Pu-erh is mass-produced in the factories and also in small scale by individual farmer using traditional method. Farmers processed tea from their own gardens at the mountain. Their quality is precisely representing the tea grown in their mountain and seldom they carried out blending with tea from other areas. If we want to look for quality tea in Yunnan, we need to control the origin of tea tree. Only the farmers  can supply Pu-erh tea from a homogeneous origin. In particular, to obtain tea made from very old trees, it is necessary to obtain teas produced from farmers.


On the other hand, factories have big plants and many employees. Their objective is to sell tea by large quantity in order to pay for high fixed cost. Some factories also occupy tea gardens in the mountain that may have old trees or situated at higher altitude. However, they do not classify and segregate the quality of raw material according to the precise origin of the tree or the mountain, but to mix all the materials collected from all over the places, in order to even out the quality. Factories are concerned about sustaining a consistent quality of tea that they produced. Their mission is to sell in quantity in order to survive. Under such circumstances, the quality of Pu-erh tea produced by big factories tends to be averaged out. It is indeed possible to get upper-intermediate quality from the factories. But it is very difficult to get high-end quality from the factories.

Thursday, February 13, 2014

Are Chinese Teas Safe?

During the recent years, people often heard the bad news about Chinese teas. It is really annoying especially for the people who wish to drink tea for health benefits. Some people stopped consuming Chinese tea as they worried about the safty. Are Chinese teas safe?
 

At first, I think we should realize the fact that China is a very big country with very different situation in different places. I knew that teas produced in some places like Zhe Jiang province were found to have high pesticide residue. I think the main reason is that the environment in some parts of Zhejiang was ruined with the fast urbanization. A quite lot of tea gardens there are big with neat rows of trimmed tea bushes near the urban areas. We can't find forests nearby. Such ecology is fragile because once insects came, they would breed and spread very quickly and possibly consumed the whole tea garden. It became very difficult to control plant diseases and insect pests in such ecology. That is not to say tea produced from such tea gardens inevitably would exceed pesticide residue. If proper measures adopted, the tea can be safe while the balance of controling  plant diseases and insect pests  and pesticide residue is too difficult to be kept. And spurred by the economical interest, people are inclined to make the tea gardens safe on risk of letting the teas unsafe.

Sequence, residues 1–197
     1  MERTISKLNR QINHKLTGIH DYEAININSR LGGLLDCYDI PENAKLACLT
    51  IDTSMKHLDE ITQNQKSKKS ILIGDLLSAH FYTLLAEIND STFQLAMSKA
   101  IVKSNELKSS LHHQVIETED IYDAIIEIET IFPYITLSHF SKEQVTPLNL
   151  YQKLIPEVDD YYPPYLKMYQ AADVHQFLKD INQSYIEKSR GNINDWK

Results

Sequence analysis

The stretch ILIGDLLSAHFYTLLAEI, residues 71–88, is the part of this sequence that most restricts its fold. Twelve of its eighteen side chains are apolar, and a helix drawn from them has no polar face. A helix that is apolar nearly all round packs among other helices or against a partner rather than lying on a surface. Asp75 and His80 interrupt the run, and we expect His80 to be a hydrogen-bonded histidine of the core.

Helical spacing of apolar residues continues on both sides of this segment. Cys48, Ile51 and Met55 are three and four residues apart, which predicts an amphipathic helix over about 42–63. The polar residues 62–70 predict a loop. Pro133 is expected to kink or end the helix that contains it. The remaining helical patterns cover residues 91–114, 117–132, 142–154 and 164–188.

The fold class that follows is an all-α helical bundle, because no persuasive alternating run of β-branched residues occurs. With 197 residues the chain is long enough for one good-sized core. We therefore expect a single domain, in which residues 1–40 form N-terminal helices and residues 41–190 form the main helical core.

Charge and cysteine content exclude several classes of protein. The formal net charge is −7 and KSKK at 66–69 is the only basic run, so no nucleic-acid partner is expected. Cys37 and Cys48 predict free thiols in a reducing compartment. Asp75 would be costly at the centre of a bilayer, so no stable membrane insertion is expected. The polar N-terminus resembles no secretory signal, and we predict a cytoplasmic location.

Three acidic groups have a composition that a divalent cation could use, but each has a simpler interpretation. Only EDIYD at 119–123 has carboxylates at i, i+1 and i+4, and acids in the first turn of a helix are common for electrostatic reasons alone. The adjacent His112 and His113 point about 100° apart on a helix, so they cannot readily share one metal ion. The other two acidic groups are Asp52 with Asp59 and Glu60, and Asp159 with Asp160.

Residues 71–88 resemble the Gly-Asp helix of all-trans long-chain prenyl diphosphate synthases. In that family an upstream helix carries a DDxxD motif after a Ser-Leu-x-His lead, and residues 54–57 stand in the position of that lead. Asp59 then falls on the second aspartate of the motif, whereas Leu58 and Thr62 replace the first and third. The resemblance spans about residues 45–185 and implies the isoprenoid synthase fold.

It is not the same for many other parts of China. There are a lot of places in China with nice environment. Huangshan, Anhui province is one of such places where is well covered with forests. The ecology here is well balanced. The tea gardens here are small and scattered among the forests of mountains. Good ecology makes the temperature of the tea gardens several degree Celsius lower than the urban areas. And as the tea gardens here are small and scattered, the possibilty of outbreak of plant diseases and insect pests on large scale is very small. Before the end of May each year, when the Spring teas are harvested, no pesticide need to be used here because the temperature is low and insects won't come out that time. 




Tea Gardens In Daguyun, Huangshan, Anhui where Huangshan Maofeng is produced
Tea Garden in Tongmu, Wuyi Mountain, Fujian where Lapsang Souchong is produced
Tea Garden in Qishan, Liu'an, Anhui where Lu'an Gua Pian is produced